So that's our paint journey to date. No more sleepless nights on that score. I must say it's reassuring to know that once we find a colour we like (the hard bit, Rodney has a very complex relationship with colour!), the internals will be a cinch. Martin has a spectrometer, so we can take it to him and he will make us an internal paint to match.

Oh, and I should've said this earlier, all the above products are non-toxic, GECA certified, and low voc. That's all Oikos makes, and they've been doing it for a relatively long time. Europe is way ahead of the pack on this stuff.

If you are at all in the market for paint, go to these guys!!! They rock.



Lights are the bane of my life. I never realised how much I loathe most lights. Maybe that says I don't really notice them. Hmm. That is worth thinking about, because right now, I am in a Lighting Pickle.

So our journey to now has consisted of:
  • a consultancy with the Environment Shop www.enviroshop.com.au, which was a great place to start. We got all kinds of great ideas - many of which we have retained.
  • a spreadsheet in which I worked out that our lighting plan was going to cost us $4,500 (admittedly including quite a few LED globes)
  • visits to half a dozen lighting shops and several online shops in which it became clear that nothing, NOTHING is easy when it comes to lights. Oils, as they say, ain't oils.
Good news first. Things that appear to be working out:
  • routing the bottom of our bannister and placing a line of LED strip lights so that we get a lovely wash of light down the wall and onto the stairs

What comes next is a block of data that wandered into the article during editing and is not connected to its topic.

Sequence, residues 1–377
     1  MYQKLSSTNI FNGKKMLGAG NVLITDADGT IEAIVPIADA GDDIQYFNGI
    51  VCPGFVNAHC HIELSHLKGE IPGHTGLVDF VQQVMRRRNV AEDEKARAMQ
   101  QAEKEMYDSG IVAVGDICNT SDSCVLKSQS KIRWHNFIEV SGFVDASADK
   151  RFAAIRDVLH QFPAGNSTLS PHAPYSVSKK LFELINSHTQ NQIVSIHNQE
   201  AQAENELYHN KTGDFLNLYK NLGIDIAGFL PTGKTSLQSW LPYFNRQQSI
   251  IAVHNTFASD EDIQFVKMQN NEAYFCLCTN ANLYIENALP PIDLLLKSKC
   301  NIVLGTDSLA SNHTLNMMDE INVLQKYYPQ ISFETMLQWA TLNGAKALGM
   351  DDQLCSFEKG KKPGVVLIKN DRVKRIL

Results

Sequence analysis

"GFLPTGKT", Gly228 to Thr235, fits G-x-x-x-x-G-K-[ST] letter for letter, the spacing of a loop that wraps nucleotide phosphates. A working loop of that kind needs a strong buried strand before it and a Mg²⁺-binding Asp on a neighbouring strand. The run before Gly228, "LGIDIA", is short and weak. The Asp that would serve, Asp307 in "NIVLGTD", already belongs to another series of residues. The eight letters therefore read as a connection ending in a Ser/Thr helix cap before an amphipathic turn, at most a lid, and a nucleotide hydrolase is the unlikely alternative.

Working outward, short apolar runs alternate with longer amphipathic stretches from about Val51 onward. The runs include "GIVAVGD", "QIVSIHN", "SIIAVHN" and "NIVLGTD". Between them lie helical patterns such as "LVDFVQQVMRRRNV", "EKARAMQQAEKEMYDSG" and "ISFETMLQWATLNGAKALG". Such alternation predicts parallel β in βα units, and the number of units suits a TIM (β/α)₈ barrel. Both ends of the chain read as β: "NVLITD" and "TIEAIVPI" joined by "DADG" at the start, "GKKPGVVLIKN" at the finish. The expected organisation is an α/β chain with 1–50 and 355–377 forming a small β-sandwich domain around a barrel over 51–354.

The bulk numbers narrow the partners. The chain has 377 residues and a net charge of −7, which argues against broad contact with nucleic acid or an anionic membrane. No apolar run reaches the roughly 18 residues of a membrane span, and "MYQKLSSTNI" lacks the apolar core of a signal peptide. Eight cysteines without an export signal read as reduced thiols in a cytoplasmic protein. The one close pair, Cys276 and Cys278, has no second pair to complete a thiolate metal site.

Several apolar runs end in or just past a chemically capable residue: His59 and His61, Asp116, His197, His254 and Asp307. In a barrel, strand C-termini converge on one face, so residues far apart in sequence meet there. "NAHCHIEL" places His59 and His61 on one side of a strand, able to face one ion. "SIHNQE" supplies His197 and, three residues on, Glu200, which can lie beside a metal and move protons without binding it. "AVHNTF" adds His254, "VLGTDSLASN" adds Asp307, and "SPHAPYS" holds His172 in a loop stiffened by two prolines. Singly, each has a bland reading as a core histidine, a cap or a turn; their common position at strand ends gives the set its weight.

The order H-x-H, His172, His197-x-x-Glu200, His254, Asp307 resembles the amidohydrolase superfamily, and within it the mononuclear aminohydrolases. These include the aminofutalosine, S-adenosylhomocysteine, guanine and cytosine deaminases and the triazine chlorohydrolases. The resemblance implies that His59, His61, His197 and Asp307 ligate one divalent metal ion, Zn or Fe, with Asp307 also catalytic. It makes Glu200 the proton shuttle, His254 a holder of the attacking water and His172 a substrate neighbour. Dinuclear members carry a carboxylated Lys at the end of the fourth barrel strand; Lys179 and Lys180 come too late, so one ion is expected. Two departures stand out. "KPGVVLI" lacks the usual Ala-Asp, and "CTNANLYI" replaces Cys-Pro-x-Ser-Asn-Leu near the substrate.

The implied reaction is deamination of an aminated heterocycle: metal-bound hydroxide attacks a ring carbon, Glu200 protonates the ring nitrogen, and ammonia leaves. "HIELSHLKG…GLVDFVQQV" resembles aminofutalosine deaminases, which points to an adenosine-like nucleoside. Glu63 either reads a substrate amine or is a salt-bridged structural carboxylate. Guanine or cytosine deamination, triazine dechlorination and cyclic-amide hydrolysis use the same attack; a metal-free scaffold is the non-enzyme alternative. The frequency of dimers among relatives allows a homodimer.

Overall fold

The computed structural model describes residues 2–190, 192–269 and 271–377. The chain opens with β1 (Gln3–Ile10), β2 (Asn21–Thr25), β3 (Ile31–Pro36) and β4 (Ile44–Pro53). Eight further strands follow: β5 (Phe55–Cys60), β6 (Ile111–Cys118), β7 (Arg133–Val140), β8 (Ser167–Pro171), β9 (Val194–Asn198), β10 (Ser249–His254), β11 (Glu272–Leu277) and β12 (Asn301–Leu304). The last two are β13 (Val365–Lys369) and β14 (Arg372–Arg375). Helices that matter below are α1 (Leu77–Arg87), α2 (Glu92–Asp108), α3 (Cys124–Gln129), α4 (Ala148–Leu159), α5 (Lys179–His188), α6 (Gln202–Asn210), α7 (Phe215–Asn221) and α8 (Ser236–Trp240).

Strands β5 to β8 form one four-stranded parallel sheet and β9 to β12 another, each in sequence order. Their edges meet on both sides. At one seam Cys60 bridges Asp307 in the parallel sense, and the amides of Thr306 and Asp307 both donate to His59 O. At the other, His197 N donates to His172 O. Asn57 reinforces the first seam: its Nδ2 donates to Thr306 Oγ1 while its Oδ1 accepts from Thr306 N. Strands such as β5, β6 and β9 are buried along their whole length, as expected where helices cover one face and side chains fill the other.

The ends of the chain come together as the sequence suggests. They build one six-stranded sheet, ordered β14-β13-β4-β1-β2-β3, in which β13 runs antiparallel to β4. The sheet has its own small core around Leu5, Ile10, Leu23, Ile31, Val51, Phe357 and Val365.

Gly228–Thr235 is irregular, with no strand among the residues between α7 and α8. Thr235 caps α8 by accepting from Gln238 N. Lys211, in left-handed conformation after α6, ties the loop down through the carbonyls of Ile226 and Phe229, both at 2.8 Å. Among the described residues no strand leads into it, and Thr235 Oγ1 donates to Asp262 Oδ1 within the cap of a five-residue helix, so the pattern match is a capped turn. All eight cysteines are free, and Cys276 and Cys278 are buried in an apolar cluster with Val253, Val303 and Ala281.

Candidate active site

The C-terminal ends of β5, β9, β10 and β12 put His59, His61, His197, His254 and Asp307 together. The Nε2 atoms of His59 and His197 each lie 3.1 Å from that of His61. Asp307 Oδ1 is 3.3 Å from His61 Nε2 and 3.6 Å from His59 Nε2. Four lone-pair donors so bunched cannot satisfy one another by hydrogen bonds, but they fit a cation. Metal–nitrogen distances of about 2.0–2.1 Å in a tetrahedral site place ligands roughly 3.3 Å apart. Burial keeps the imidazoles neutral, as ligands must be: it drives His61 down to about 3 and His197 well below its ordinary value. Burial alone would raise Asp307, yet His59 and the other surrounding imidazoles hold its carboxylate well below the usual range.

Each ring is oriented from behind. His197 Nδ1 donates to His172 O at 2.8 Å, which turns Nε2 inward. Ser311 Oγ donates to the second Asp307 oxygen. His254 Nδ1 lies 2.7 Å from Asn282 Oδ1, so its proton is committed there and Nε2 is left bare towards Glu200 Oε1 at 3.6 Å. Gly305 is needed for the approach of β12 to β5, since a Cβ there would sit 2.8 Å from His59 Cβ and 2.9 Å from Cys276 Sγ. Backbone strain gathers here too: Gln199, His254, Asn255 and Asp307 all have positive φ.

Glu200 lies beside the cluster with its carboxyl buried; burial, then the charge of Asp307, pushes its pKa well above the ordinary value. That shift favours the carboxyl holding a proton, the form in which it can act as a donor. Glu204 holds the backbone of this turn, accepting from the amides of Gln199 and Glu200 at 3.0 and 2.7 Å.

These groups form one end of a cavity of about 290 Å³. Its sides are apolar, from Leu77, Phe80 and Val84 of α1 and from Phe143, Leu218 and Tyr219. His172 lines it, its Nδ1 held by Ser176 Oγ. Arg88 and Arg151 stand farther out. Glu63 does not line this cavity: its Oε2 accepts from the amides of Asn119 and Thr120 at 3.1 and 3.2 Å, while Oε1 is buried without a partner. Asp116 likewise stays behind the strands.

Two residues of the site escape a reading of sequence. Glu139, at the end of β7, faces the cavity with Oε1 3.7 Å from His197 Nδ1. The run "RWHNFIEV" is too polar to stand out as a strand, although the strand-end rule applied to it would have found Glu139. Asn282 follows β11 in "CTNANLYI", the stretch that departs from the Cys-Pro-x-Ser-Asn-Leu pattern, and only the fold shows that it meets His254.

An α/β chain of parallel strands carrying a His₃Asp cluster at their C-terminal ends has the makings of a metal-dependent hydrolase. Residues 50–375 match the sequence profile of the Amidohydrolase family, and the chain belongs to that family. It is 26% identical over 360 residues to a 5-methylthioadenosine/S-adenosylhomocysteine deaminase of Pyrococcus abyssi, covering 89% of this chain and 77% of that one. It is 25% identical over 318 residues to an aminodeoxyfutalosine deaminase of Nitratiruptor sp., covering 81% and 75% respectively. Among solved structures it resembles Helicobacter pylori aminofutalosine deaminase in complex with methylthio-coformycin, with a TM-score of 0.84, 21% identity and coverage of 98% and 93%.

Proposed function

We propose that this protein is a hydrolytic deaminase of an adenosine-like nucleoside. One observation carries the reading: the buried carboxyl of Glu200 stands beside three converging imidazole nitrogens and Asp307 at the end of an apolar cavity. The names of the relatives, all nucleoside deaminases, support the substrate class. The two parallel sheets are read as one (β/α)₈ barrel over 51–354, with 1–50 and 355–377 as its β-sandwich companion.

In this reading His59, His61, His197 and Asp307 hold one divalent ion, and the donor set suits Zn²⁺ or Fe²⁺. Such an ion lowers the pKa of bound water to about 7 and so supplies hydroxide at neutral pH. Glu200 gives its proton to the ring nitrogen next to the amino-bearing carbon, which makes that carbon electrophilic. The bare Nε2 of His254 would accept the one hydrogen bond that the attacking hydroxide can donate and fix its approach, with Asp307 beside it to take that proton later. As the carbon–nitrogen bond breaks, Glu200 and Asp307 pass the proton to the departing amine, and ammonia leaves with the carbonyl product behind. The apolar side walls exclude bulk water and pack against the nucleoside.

• embedding another line of strip lights into the bedhead in the master bedroom
  • simple pendant lights fitted with LED globes in downstairs bedrooms, lounge and dining room (latter two rooms with dimmers).

What's not working? Everything else.

I can't remember if I've written about our upstairs studio/work area. It comprises two adjoining open plan rooms, with curved ceiling (arcs up to about 3m), heaps of natural light and marmoleum floor. I make felt, so we've chosen a floor product that can withstand a fair amount of water sploshing around. It's also very good environmentally. Read more at http://www.forbo-flooring.com.au/Residential/Products/Marmoleum-Global-3/

So anyway, the lighting challenge starts here.
* Halogens will be too hot in summer (our temperature graphs show this will be the hottest part of the house in summer)
* Fluoros give off awful light and are altogether too officey (we will spend a lot of time in this space)
* Tracks with compact fluoros can't be dimmed and there's no guarantee that the fittings will be able to accommodate LED globes, even if they do have GU10 bases
* Tracks with LEDs are too expensive
* Pendants might not give us enough light for our artistic endeavours.

We are using halogen downlights in the kitchen and a couple of other strategic spots downstairs. Even though I know they are not too bad an option in our scenario (the insulation between the floors serves accoustic as well as thermal functions but is unlikely to be greatly affected by 9 downlights), I still feel that somehow I am breaking one of the golden rules of sustainable housing. I daren't confess to the folks at the ATA.

I'll spare you the details on the bathroom lighting. Suffice to say that the lights I liked most started at $365 for one light (plus globe).

Of course, it doesn't help that so many light fittings are fugly. We chose a whole suite of lights on Saturday afternoon, and then I turned around and informed Rodney that I hated them all. Lovely person that he is, he simply said, okay, let's find others. I have never appreciated him more!

Sigh. It's therapeutic to vent. Yesterday I submitted the electrical and lighting plans to the builder for the rough in. We hedged our bets by providing for four spotlights (on two switches) and two wall lights in the studio, latter with dimmer. I now understand why people just put in halogens every square meter.

So that's it for lights. For now. We are yet to choose a single fitting ...